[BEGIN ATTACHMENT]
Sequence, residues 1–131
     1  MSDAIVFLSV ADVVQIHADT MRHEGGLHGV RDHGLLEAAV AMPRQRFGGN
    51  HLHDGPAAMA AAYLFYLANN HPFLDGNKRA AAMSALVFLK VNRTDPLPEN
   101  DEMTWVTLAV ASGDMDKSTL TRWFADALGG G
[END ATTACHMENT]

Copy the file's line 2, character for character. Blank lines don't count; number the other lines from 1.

     1  MSDAIVFLSV ADVVQIHADT MRHEGGLHGV RDHGLLEAAV AMPRQRFGGN